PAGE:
After 3 decades of HIV prevention programs in the United States the CDC is still developing prevention programs. Although the transmission of HIV in the U.S. has decreased significantly, there are over a million individuals living with HIV. Prevention has expanded to include promotion of testing centers along with educational programs for individuals living with HIV. Previous partner notification initiatives and multi-STI screening opportunities have become highly available. In addition, free condom distribution and needle exchange programs have been implemented through out the country (Fenton 5).

Although the United States is financially more inclined to promote these prevention programs in an attempt to avoid the eventual costs of healthcare, these kinds of initiatives could be instigated elsewhere with great success. The key points are to recognize the importance of cultural intricacies and the promotion of attainable behavioral changes.


Fenton, Kevin, et al. HIV Prevention in the United States. At a critical crossroads. Centers for Disease Control and Prevention. National Center for HIV/AIDS, Viral Hepatitis, STD, and TB Prevention

Holtgrave, David R., Noreen L. QuallsJames W. CurranRonald O. ValdiserriMary E. Guinan, and William C. Parra. An overview of the effectiveness and efficiency of HIV prevention programs. Public Health Report 1995


No one should be invisible

Over the past 25 years, the acquisition of HIV/AIDS knowledge has been extraordinary. The research and development of drug therapies has been extremely successful and that success has only been distilled by the financial obligations surrounding the pharmaceutical industry. Despite all of this progress, the most important aspect of epidemic control – prevention – has been difficult to promote.

Originally, the disease arose in an isolated population. In the United States, a sub-group of the general public were the predominant victims. As a result, the disease gained an irrevocable association with homosexuality and injection drug use. The treatment of these individuals was targeted and preventative measures focused on promoting a decrease in sexual partners, increasing advocacy for protected sex, and a somewhat conflicted campaign for clean needles.

As HIV has become recognized as a disease of the people, through it’s spread across the United States and its global affects, categorizing the victims has become a lot more difficult. In any epidemic, the public will always find a scapegoat. In the case of HIV, the blame has been passed around and depending on the region of the world, it may have settled on prostitutes, injection drug users, men who secretly engage in sex with other men, or poor men who are exposed to the disease through deviant behavior while traveling for work. These are some pretty specific groups. In contrast to the early days, people aren’t empathizing with the victims. They never really blamed rich white homosexuals in America and they’re not blaming them now in most of the world.

They’re also not blaming women.

Despite the fact that 50% of HIV infected individuals are female (Mukherjee 380), women are usually portrayed as victims of the men who transmit the infection to them. While authors such as Joia Mukherjee, Diane Richardson and Jenny Higgins all make great arguments about the victimization of certain groups and they provide copious research data to emphasize their points, I think they fall into the same trap as everyone else. By promoting the victimization of specific groups, they all continue to propagate the blame applied to other groups.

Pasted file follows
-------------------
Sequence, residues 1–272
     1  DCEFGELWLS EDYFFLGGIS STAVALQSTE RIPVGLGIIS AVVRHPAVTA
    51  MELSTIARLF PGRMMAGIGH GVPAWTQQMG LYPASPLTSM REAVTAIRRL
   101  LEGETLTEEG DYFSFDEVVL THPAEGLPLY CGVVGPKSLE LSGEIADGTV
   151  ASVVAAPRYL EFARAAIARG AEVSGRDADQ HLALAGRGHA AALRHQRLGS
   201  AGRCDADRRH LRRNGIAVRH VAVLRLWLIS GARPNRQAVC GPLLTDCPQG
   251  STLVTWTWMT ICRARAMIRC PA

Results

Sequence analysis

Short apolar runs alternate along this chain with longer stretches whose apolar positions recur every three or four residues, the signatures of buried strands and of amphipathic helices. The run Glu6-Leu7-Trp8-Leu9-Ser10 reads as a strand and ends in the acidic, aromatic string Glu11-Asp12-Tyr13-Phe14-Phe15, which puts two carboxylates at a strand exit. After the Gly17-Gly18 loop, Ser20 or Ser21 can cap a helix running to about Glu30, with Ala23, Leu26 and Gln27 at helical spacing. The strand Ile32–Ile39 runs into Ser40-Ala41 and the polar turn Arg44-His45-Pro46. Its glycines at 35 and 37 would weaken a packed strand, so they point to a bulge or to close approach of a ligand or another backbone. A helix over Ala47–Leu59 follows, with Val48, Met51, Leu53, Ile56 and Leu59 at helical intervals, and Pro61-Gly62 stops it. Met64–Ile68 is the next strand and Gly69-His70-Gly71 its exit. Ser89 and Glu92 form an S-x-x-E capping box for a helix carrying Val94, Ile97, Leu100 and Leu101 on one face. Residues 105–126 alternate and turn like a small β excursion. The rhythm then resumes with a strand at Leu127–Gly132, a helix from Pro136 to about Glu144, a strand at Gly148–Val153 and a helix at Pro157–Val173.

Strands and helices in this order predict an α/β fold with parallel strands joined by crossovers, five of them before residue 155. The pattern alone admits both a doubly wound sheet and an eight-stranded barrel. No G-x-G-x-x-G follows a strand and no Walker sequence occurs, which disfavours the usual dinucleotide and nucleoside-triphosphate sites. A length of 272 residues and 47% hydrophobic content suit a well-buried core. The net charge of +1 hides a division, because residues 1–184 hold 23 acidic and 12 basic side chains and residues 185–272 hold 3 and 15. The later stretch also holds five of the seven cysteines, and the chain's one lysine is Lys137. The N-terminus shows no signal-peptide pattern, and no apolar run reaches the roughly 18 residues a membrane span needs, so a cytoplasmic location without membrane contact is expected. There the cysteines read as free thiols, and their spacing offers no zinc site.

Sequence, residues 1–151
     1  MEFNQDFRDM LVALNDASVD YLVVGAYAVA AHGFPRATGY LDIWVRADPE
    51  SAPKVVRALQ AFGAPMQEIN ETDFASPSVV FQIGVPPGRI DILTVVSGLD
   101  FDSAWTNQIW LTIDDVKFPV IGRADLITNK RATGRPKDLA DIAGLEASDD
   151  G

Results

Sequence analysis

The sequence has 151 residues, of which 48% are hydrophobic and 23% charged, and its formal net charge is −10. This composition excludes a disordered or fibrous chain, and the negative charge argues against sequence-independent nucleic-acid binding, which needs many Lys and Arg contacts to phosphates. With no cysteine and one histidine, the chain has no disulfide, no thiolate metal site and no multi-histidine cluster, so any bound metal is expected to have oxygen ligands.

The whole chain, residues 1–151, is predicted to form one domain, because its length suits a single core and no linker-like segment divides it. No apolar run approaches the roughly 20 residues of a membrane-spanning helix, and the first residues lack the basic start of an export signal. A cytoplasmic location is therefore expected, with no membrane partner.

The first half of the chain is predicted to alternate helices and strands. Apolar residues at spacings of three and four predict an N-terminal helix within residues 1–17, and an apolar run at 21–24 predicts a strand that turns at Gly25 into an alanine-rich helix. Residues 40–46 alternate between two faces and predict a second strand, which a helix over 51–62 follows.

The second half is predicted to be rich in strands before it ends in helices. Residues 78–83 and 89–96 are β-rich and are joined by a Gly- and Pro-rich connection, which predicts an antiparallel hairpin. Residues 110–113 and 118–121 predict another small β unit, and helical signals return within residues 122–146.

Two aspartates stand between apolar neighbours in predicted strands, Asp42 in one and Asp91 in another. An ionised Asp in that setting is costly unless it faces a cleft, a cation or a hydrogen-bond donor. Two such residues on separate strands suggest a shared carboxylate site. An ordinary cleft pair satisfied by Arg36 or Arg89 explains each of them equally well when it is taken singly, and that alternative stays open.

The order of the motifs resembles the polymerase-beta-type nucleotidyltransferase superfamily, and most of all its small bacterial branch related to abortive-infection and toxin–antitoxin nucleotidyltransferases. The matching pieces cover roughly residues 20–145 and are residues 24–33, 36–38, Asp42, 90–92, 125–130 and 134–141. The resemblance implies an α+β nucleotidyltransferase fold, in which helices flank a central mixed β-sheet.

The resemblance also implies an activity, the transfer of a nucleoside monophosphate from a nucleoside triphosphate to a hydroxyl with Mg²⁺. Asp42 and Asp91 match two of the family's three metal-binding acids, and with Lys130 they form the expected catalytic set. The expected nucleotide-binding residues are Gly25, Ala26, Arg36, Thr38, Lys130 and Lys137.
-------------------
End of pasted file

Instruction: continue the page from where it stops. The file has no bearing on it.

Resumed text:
Everyone with HIV/AIDS is a victim.

That’s it. There’s no other way to explain this. The “terrible” husband who comes home from migratory work and transmits HIV to his wife is just as much a victim of the virus as his wife. He didn’t have extramarital sex with the intention of becoming infected with HIV. Whether or not he should be condemned for having extramarital sex in the first place is not a healthcare provider’s place to say.

So I propose we design a HIV/AIDS prevention plan that incorporates everyone’s good ideas while negating their judgments of who can and cannot be helped. In a study of the effectiveness and efficiency of HIV prevention programs by the CDC, the investigators found that behaviorally based prevention programs are most effective when they are supplied with sufficient resources, operate at a high level of intensity and display cultural competency. As such, I believe that continuing education and support of women’s rights and their personal advocacy is necessary. I think increasing the education of men about their susceptibility is also necessary. Giving every individual a chance to avoid infection requires cultural understanding. In collaboration with government officials, healthcare providers should advocate the promotion of laws that allow individuals – men and women – access to education and the right to choose what risky activities they engage in.

Murkherjee, Joia. Sex Matters: The Sexuality and Society Reader.  Ed. by Mindy Stombler, Dawn Baunach, Elisabeth Burgess, Denise Donnelly, Wendy Simonds, Elroi Windsor. Boston: Allyn & Bacon, 2010. 379-385

HOLTGRAVE, David R., PhD, NOREEN L. QUALLS, DrPH, MSPH, JAMES W. CURRAN, MD, MPH, RONALD 0. VALDISERRI, MD, MPH, MARY E. GUINAN, MD, PhD, WILLIAM C. PARRA, MS. An Overview of the Effectiveness and Efficiency of HIV Prevention Programs. Public Health Reports 1995

Higgins, Jenny A., PhD, MPH, Susie Hoffman, DrPH, and Shari L. Dworkin, PhD, MS. American Journal of Public Health. March 2010, Vol 100, No.3. 435-445

Richardson, Diane. Rethinking Sexuality. London: Sage Publications, 2000. 127-138.

losing ground

With laws and political divisions becoming increasingly extreme, the role of contraceptive use in sexual encounters is precarious. School education programs and public health policy groups work to encourage contraceptive use in all sexual encounters. Alarmingly these people aren’t just fighting an uphill battle against ignorance, but also have to deal with special interest groups that are not only discouraging safer sex education programs, but also fighting for the instigation of pro-life policies – policies that could succeed in the eventual elimination of certain contraceptive options.